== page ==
Uber has just settled two class action lawsuits in California and Massachusetts brought by drivers. Drivers sought classification as employees, overtime pay and transparency regarding tips.
What does the settlement mean for the drivers and–more importantly–the law of independent contractors?
Very little. First, federal court judges in both jurisdictions must approve the $100 million settlement. Hearings will be held: This is not a rubber stamp situation by any means. The 385,000 drivers will receive little compensation to drop their claim to be employees. Judges may reject the settlement outright or pressure Uber into a much higher amount. Earlier this month, a federal judge in California rejected rival ride service Lyft’s $12.25 million dollar settlement with drivers as unfair, stating the drivers were “short-changed” by the deal.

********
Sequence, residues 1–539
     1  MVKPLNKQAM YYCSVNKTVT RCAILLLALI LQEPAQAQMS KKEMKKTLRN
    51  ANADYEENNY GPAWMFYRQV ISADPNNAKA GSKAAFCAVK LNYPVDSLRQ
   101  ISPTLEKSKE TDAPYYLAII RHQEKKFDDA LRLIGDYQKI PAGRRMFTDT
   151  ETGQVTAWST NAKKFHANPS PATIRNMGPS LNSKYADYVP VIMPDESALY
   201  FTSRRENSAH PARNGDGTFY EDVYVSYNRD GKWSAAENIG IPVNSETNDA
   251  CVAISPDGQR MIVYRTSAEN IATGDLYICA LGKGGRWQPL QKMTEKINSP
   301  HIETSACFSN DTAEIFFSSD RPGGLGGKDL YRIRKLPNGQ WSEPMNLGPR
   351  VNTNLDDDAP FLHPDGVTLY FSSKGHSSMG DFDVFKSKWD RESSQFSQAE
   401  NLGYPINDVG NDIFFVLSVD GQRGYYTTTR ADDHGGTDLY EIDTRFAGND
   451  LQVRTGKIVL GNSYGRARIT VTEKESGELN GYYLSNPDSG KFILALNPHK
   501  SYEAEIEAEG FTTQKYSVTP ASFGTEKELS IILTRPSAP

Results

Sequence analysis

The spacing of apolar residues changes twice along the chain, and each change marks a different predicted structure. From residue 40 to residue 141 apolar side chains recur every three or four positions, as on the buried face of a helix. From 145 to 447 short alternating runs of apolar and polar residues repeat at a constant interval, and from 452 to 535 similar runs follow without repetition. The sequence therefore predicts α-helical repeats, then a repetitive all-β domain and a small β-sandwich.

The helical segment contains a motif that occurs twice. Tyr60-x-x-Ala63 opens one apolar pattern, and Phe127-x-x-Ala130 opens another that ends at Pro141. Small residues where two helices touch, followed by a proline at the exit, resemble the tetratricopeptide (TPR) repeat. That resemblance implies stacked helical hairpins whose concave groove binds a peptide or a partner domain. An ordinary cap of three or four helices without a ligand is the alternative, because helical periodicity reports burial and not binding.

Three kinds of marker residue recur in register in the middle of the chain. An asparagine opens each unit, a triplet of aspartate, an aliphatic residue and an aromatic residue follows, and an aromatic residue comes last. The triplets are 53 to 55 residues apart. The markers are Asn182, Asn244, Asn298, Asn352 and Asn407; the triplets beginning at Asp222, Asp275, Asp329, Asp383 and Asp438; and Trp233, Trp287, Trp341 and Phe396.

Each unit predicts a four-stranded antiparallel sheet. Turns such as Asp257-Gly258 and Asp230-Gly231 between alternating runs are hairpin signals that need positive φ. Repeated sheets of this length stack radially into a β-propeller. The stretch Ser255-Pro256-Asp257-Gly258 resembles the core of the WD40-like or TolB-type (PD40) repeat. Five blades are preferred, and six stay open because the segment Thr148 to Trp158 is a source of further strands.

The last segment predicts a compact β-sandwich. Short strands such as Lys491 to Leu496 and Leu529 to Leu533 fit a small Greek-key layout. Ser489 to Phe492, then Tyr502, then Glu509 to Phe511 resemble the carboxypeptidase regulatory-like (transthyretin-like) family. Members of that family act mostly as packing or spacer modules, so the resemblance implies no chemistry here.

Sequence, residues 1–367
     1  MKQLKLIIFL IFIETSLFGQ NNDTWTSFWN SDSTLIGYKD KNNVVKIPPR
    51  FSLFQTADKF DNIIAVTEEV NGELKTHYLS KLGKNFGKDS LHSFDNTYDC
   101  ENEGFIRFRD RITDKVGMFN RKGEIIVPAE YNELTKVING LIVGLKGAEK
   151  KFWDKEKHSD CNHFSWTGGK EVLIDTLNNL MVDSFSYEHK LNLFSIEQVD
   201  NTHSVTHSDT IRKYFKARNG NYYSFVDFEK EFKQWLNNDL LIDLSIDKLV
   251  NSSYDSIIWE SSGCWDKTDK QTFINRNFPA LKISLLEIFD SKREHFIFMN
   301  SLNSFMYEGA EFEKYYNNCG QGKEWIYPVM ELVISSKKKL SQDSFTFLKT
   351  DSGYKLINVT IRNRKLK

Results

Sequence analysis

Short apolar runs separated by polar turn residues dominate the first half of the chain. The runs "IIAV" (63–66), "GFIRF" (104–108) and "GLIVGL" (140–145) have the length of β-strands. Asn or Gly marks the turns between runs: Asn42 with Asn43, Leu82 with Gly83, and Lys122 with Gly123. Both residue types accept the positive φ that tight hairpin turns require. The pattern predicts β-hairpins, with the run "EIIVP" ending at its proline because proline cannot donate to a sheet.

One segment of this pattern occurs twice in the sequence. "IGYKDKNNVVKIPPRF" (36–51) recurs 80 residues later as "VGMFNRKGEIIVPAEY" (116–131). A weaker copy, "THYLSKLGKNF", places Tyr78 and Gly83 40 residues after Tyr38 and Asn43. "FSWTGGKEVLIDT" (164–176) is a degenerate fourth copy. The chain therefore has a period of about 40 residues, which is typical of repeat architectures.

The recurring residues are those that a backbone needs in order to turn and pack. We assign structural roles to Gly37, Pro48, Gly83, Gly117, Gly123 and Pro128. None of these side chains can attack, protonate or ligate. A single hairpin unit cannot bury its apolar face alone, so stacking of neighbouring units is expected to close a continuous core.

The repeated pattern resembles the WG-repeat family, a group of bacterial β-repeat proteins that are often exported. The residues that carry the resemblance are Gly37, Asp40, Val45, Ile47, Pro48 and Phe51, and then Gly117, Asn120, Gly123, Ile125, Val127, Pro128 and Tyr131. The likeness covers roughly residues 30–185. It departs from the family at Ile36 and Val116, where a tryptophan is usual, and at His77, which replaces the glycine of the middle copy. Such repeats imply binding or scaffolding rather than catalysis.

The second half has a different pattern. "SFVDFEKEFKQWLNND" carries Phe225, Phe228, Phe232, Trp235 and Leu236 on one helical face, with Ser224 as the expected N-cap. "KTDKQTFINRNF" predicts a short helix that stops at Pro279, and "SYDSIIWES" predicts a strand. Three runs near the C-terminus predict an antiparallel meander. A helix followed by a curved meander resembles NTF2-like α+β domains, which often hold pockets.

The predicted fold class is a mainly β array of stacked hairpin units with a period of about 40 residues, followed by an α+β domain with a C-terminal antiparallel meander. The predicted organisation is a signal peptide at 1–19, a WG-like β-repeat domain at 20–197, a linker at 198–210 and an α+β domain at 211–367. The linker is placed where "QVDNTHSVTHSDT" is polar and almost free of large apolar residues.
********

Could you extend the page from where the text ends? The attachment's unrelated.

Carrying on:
This private action will not resolve or carry any weight on the issue of whether Uber drivers are employees. The IRS could audit Uber and make a determination on whether drivers are employees or independent contractors. The National Labor Relations Board (NLRB) is investigating Uber’s labor practices. The Teamsters are trying to organize the drivers and that would also bring the question of employee classification to the NLRB. Finally, both MA and CA have laws favoring the employee relationship over the narrowly defined independent contractor, which creates an unfriendly environment for Uber.
Many people are watching Uber as one of the largest companies to use the gig economy–can it last? Stay tuned.